Furthermore, there’s another parallel between stereoscopy and film audio, one I’ve discussed previously. I would submit that neither stereo audio nor surround-sound audio make any direct contributions to the narrative of a film. Mix down any soundtrack from 5.1 to stereo, or from stereo to mono, and let me know if there’s anything you can’t understand about what’s going on, or any diminishment of the story.
But it’s still nice to have. Like widescreen, stereo and surround sound are enriching experiences that aid immersion into the world of the film. Both stereo and surround went through teething periods of overenthusiastic audio engineers creating hyperactive and exhausting mixes, before coming to some collective conclusions about ideal ways of using available surround channels to enhance, rather then distract.
Bottom line, I don’t care if stereoscopic visuals are useful narratively. They’re not. And that’s just fine. I’m more interested in the continuing exploration into how to best and most creatively use the potentially visceral depth that stereopsis provides to enhance and extend the rest of the moviegoing experience. To create another level of audience immersion, if the distractions and irritating technical limitations can, in fact, be overcome.
Here’s an anecdote that I find interesting. I was speaking with the eleven-old daughter of a friend of mine about “Up.” She said she saw the movie three times; the first time she saw it in 3D, the second in 2D, and the third in 3D again. At the first and third showing, she was so emotionally involved that she cried. At the second, while she still enjoyed the film, she didn’t. She brought this up to me, being somewhat surprised herself that 3D in and of itself was what seemed to be making the events so much more affecting.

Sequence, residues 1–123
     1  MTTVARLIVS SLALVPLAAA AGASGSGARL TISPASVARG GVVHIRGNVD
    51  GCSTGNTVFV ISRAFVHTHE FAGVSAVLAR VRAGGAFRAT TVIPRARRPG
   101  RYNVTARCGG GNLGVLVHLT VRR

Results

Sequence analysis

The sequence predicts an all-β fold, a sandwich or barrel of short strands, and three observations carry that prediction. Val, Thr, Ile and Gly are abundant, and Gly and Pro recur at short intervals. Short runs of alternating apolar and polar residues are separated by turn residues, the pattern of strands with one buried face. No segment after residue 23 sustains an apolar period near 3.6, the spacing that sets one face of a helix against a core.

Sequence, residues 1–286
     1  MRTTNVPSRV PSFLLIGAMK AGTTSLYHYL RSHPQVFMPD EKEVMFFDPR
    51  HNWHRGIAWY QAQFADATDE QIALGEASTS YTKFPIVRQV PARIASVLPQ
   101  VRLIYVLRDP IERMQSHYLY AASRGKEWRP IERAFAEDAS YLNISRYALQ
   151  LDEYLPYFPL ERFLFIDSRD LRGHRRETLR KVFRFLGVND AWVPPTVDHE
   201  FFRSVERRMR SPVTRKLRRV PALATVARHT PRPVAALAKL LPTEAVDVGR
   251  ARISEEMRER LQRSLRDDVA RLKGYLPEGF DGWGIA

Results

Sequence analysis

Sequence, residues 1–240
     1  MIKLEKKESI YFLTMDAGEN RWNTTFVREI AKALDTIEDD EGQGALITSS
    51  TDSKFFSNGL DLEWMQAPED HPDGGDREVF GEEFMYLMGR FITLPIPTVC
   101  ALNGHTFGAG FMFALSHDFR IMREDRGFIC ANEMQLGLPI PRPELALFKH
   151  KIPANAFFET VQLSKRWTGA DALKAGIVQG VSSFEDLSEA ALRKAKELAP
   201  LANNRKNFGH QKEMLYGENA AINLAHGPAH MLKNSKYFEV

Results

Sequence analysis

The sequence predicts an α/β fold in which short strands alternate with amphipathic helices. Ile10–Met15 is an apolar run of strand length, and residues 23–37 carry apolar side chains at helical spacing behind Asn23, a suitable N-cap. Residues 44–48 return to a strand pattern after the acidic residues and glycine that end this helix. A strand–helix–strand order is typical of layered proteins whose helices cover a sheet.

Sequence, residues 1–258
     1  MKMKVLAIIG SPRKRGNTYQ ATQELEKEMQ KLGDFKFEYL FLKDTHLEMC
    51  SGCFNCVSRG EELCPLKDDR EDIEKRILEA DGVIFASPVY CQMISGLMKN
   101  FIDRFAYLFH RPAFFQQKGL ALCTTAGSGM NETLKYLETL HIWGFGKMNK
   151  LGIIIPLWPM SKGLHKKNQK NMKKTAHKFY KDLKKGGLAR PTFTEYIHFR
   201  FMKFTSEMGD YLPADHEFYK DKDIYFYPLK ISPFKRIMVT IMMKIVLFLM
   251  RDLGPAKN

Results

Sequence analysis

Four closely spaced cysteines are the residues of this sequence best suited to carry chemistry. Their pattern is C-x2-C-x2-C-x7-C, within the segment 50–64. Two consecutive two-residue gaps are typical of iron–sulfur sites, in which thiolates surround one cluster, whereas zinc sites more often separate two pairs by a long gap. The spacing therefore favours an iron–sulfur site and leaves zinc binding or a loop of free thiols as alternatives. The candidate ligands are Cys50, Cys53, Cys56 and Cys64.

Makes me think stereoscopy is worth exploring.
As an end-note, I feel compelled to say that with regards to the exploration of a new tool for visual entertainment, I suspect that the great filmmaker of the fantastic, Georges Méliès, coincidentally one of the characters of “Hugo,” would have been delighted at the potential of stereoscopic visuals, and would have had enormous fun trying to figure out how to use them to best effect.(Incidentally, at the end of Ebert’s article “Why I Hate 3D (and you should too),” he says something I wholeheartedly agree with. “I’m not opposed to 3-D as an option. I’m opposed to it as a way of life for Hollywood, where it seems to be skewing major studio output away from the kinds of films we think of as Oscar-worthy.” Well said. Filmmakers should have the flexibility to use the tools and methods they believe will best suit the story at hand, discarding those methods that don’t fit. Making every film 3D makes as little sense as making every film cinemascope, or giving every film an overbearingly complicated surround mix.)
Color Correction Handbook 2nd Edition: Grading theory and technique for any application.
Color Correction Look Book: Stylized and creative grading techniques for any application.
Creative Looks in DaVinci Resolve: 90 mins of creative grading tips and techniques from Ripple Training.
DaVinci Resolve 9 Core Training: 11 hrs of tutorials covering all of DaVinci Resolve from Ripple Training.